By Rick Lent, Ph.D
Originally published on Meeting for Results
Structuring A Respectful Meeting In A Contentious Situation…
Here are five tools that are particularly helpful in structuring a productive conversation when you expect conflicting views. You can plan to use most of these tools in advance of the session, but any of them can be implemented “in the moment” when a discussion threatens to get heated. See the links to earlier posts for more explanation and examples of the tools mentioned here.
Tools to Build More Balanced Feedback. The tools I call 1-2-All and PALPaR can be used in combination with Three Reaction Questions to create a more measured, balanced discussion. 1-2-All is helpful because asks participants to reflect first and then share their thoughts with one or two others before speaking to the whole group. These first two steps create a structure in which each person is more naturally able to gain some insight into their own and other’s perspectives. I find that 1-2-All can keep a discussion from being “stolen” by one impassioned participant. PALPaR, particularly used with Three Reaction Questions, enables a balanced hearing of the feedback, followed by a later, more thoughtful response that integrates what was heard. It avoids setting up the back-and forth of question/response that can verge on becoming a verbal dual.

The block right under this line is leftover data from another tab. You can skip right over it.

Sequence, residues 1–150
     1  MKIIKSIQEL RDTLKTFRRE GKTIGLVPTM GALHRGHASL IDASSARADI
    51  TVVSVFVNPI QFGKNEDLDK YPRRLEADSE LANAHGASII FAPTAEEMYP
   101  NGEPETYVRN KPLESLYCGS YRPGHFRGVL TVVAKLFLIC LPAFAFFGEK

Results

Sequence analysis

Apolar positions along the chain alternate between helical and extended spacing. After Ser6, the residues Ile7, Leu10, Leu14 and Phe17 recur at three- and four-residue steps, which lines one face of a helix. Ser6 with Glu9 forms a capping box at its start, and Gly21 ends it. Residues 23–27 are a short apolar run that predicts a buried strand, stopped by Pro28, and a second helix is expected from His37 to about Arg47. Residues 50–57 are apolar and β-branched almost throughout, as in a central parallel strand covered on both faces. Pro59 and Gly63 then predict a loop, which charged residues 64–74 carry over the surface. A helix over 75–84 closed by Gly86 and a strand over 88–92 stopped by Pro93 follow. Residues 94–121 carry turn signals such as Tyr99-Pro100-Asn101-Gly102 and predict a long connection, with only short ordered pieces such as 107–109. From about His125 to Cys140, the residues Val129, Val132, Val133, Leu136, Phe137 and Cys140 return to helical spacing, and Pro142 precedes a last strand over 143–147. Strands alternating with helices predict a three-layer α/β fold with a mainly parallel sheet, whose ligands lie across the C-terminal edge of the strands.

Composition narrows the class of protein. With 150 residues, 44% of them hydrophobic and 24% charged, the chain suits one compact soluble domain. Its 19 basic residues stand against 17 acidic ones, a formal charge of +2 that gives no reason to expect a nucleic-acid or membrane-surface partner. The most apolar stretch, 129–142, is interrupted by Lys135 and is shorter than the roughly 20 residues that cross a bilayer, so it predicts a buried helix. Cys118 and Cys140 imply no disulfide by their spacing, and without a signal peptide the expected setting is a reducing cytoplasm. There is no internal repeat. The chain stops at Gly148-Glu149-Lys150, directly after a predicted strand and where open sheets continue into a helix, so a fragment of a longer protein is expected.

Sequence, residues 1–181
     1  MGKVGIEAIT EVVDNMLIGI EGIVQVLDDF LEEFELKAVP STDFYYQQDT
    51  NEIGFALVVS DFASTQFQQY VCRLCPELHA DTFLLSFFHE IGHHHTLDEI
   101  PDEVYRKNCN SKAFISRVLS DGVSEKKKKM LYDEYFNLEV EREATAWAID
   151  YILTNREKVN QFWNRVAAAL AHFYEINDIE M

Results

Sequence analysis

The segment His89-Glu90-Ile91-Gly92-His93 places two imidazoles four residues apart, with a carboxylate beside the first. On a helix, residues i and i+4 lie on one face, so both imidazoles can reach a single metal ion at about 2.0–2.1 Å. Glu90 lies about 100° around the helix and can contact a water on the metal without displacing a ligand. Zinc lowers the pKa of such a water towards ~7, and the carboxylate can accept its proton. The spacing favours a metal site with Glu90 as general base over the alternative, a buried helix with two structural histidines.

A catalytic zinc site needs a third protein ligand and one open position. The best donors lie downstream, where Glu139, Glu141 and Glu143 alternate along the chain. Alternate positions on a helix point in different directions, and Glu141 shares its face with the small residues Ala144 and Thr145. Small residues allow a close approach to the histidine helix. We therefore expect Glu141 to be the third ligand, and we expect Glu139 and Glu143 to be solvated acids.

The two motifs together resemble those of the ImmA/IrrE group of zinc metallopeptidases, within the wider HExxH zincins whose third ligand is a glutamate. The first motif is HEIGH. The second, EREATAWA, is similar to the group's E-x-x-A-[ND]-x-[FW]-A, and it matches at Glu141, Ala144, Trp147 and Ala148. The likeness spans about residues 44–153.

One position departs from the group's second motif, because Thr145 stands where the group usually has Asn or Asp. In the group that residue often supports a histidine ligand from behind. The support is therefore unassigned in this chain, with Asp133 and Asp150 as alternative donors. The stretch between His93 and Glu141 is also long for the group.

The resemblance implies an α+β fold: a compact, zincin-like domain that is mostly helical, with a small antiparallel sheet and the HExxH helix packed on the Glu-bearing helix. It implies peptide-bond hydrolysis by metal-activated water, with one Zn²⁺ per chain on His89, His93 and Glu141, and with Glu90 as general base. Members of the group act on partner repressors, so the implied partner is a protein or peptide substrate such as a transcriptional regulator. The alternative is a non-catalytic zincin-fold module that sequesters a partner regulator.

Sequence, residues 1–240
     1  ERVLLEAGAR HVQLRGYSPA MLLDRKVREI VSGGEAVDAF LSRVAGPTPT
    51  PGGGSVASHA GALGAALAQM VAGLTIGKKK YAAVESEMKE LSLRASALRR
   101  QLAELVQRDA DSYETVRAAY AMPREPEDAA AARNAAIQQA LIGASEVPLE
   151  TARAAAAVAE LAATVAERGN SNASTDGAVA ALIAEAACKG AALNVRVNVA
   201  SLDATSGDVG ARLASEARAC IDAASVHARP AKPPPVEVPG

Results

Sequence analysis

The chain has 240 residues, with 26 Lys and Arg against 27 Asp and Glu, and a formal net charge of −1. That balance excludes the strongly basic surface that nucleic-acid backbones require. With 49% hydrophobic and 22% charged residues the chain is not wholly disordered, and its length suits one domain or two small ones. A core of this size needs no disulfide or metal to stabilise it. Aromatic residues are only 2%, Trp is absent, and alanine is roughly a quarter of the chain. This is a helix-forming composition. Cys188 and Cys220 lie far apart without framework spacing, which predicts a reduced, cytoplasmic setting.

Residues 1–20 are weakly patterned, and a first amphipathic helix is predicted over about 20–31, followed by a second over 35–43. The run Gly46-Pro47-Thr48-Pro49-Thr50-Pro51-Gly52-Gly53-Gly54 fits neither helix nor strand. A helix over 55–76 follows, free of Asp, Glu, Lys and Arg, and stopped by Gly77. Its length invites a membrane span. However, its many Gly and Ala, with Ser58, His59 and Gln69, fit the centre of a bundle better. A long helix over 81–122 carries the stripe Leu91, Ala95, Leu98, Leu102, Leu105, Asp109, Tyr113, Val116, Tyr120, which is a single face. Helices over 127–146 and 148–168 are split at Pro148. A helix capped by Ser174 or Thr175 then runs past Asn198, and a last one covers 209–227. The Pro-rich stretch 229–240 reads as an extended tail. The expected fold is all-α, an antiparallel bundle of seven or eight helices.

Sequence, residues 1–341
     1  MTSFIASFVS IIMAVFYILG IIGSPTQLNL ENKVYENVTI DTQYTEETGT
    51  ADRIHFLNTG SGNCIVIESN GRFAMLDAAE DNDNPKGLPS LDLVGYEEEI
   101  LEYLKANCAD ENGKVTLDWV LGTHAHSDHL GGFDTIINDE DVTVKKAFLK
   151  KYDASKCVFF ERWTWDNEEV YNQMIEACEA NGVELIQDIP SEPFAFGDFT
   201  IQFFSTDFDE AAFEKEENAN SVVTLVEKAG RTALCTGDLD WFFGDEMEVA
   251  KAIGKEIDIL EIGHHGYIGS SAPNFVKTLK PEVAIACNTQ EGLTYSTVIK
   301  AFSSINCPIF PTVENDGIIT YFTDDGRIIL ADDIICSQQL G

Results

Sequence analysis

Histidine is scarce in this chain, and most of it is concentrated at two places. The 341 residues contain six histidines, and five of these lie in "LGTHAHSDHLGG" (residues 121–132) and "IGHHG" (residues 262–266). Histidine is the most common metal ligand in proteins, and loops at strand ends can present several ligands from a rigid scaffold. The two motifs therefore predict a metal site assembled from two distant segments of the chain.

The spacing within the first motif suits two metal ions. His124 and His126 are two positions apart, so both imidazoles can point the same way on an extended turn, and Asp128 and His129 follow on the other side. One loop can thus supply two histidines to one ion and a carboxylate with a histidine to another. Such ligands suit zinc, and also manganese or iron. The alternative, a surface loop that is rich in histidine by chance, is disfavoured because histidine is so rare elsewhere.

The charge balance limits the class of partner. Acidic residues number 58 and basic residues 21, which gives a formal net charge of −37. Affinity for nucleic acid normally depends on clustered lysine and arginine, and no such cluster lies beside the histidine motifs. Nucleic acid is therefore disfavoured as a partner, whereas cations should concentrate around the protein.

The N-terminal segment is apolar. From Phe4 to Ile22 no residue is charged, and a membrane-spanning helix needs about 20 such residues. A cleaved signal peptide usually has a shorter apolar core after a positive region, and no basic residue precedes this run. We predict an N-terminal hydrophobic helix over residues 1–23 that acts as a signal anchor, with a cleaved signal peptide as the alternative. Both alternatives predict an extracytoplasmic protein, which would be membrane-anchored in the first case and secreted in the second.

A Tool for Working with Both Sides of an Issue. Forces Review can turn an unproductive debate into an acknowledgement of both problems and possibilities. It engages the group in a constructive dialogue about how to improve the possibilities of success while recognizing the difficulties. (I will describe this tool in detail in an upcoming post. For now, see the Meeting for Results Tool Kit for more information on how to use this tool.)
A Tool to Use in the Moment. One more tool can be used in the moment a potential conflict arises: Practical Sub-Grouping. This tool outlines a process designed to structure a productive exchange when one or two people speak out against the prevailing direction of some discussion. As a leader, you can use this tool very transparently. No one should feel that you are manipulating the direction of any debate. You simply form several sub-groups to talk with one another about their views (not about why they dislike some other view) while others listen. Then you ask the whole group to identify what they conclude from having listened to this sharing. (See the description of Practical Sub-Grouping in the Meeting for Results Tool Kit for more information on how to use this tool.)
These and another 27 tools are described in my “job aid” for anyone working to lead better meetings — Meeting for Results Tool Kit: Make Your Meetings Work.
Learn more about how to lead an effective meeting for your organization in our upcoming webinar with Rick on Wednesday, November 16th at 1 pm ET/10 am PT. Register today: Leading More Effective Board Meetings